Two Air Force squadron commanders have been fired after an investigation uncovered "a culture of hazing within their units," officials have announced.
The two commanders relieved are Lt. Col. Robb Fiechtner of the 3rd Air Support Operations Squadron at Joint Base Elmendorf-Richardson, Alaska; and Lt. Col. Joshua Cates of the 5th Air Support Operations Squadron at Joint Base Lewis-McChord, Washington, according to the 354th Fighter Wing.
A command-directed investigation found that the two squadrons encouraged a ritual known as "rolling up," in which airmen's hands and feet are bound with duct tape, they are tackled, and they struggle before being freed, a wing news release said.
"According to the investigation, many airmen in the squadrons viewed 'rolling up' as being based on camaraderie and bonding, but that participation was based more on peer pressure than on enjoyment of the activity," the news release said.
No more information about the investigation was immediately available on Monday.
"We're better than this," Col. Benjamin Bishop, commander of the 354th Fighter Wing, said in the news release. "Every airman has an obligation to prevent and stop any harmful or demeaning conduct toward fellow airmen. This is especially true for commanders."
Hazing is not tradition, Bishop said. Traditions promote the health of units and link airmen to those who came before them.
"When airmen; however, attempt to equate hazing actions as tradition, they do an absolute disservice to our Air Force culture and also undermine our mission effectiveness," he said in the news release.
"I hold the duty of squadron commanders in the utmost esteem, and expect our commanders to train and strengthen our airmen, while also caring for their morale and wellbeing," Bishop continued. "I hope we can all agree that hazing in any form has no place in our service, and that we can emerge more committed to our core values of integrity, service, and excellence as we move forward in pioneering airpower's frontier."
An aerial view of the Pentagon building in Washington, June 15, 2005. U.S. Defense Secretary Donald Rumsfeld defended the Guantanamo prison against critics who want it closed by saying U.S. taxpayers have a big financial stake in it and no other facility could replace it at a Pentagon briefing on Tuesday. (Reuters/Jason Reed JIR/CN)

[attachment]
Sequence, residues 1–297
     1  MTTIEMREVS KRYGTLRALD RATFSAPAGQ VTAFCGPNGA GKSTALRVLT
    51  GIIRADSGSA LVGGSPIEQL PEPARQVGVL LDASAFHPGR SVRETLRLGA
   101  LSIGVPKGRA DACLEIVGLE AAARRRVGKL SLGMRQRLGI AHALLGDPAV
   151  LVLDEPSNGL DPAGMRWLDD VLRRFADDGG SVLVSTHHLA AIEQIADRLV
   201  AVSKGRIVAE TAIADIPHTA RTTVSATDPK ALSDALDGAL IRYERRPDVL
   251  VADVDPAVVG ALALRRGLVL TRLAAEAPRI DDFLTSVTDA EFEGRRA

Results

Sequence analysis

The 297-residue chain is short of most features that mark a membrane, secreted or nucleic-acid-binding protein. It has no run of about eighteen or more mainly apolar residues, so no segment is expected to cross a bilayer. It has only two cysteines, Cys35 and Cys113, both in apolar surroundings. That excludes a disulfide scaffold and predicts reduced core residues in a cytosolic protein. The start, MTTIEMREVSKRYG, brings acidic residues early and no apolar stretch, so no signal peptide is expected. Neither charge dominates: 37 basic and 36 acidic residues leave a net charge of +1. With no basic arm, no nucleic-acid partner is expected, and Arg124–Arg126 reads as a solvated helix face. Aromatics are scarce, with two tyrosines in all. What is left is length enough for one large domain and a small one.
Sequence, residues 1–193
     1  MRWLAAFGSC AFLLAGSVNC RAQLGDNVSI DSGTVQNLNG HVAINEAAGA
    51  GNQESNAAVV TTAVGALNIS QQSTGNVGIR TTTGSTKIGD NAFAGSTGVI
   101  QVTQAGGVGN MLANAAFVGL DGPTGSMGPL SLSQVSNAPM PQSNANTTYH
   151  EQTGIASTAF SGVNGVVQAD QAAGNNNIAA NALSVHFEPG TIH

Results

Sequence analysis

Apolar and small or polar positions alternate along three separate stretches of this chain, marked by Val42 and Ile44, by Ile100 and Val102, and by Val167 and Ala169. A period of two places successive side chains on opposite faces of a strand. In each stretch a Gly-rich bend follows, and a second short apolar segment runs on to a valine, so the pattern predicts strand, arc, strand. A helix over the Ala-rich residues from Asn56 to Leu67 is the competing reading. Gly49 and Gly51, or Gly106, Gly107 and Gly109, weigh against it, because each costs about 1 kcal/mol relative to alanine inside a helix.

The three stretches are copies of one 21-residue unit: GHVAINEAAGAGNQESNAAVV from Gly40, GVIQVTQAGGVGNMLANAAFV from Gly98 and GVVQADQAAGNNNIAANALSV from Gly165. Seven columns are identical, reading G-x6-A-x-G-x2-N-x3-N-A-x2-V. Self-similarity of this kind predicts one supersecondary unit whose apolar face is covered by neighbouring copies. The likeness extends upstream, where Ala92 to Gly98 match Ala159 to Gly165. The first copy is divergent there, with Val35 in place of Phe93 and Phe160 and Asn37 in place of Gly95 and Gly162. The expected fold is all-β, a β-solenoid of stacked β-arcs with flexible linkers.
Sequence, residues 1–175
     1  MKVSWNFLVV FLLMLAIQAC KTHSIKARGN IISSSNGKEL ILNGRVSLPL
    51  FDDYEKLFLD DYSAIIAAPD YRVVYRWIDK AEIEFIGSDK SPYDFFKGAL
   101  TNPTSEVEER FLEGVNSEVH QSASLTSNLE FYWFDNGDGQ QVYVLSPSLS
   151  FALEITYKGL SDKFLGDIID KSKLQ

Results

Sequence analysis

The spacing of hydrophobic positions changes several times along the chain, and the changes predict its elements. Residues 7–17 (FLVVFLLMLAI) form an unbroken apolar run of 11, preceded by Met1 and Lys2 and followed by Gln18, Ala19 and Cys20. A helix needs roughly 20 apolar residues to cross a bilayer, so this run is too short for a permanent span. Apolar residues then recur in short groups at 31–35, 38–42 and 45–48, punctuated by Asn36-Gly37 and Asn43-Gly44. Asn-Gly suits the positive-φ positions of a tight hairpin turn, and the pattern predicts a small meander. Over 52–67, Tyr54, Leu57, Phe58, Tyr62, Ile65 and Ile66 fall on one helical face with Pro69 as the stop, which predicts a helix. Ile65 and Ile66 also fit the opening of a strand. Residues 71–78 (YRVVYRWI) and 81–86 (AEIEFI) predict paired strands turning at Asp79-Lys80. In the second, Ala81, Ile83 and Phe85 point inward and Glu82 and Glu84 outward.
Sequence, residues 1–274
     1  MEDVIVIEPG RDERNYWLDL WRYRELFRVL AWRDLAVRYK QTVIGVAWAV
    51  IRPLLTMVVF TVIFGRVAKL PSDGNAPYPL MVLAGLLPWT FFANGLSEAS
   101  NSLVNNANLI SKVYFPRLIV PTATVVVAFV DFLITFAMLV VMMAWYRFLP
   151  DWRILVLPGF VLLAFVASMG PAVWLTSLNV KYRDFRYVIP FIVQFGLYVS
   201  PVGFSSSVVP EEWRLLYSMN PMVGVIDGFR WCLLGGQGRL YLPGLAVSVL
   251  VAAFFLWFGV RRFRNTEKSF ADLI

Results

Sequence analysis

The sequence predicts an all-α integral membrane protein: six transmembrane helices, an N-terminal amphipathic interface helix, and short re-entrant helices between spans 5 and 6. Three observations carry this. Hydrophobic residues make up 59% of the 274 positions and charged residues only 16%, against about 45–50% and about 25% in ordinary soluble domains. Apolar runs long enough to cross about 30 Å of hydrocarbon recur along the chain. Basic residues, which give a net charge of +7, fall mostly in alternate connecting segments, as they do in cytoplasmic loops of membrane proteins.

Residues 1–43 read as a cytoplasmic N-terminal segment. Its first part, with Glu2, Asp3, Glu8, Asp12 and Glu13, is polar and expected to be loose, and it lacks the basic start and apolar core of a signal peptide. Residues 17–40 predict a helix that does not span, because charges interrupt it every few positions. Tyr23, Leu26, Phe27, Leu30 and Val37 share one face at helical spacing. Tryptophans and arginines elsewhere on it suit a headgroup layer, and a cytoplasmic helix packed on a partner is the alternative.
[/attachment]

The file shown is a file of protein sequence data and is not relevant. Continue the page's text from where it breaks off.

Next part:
The Pentagon is sending nearly 1,000 more troops to the Middle East as part of an escalating crisis with Iran that defense officials are struggling to explain.
The Marine lieutenant colonel removed from command of the 1st Reconnaissance Battalion in May was ousted over alleged "misconduct" but has not been charged with a crime, Task & Purpose has learned.
Lt. Col. Francisco Zavala, 42, who was removed from his post by the commanding general of 1st Marine Division on May 7, has since been reassigned to the command element of 1st Marine Expeditionary Force, and a decision on whether he will be charged is "still pending," MEF spokeswoman 1st Lt. Virginia Burger told Task & Purpose last week.
"We are not aware of any ongoing or additional investigations of Lt. Col. Zavala at this time," MEF spokesman 2nd Lt. Brian Tuthill told Task & Purpose on Monday. "The command investigation was closed May 14 and the alleged misconduct concerns Articles 128 and 133 of the UCMJ," Tuthill added, mentioning offenses under military law that deal with assault and conduct unbecoming an officer and gentleman.
"There is a period of due process afforded the accused and he is presumed innocent until proven guilty," he said.
When asked for an explanation for the delay, MEF officials directed Task & Purpose to contact 1st Marine Division officials, who did not respond before deadline.
The investigation of Zavala, completed on May 3 and released to Task & Purpose in response to a Freedom of Information Act request, showed that he had allegedly acted inappropriately. The report also confirmed some details of his wife's account of alleged domestic violence that Task & Purpose first reported last month.
On Monday, Staff Sgt. Daniel Christopher Evans received a suspended sentence of 60 days in jail, said Samantha Dooies, an assistant to the New Hanover County District Attorney.
Evans must complete 18 months of unsupervised probation, pay $8,000 in restitution, complete a domestic violence offenders program, and he cannot have any contact with his former girlfriend, Dooies told Task & Purpose. The special operations Marine is also only allowed to have access to firearms though the military while on base or deployed.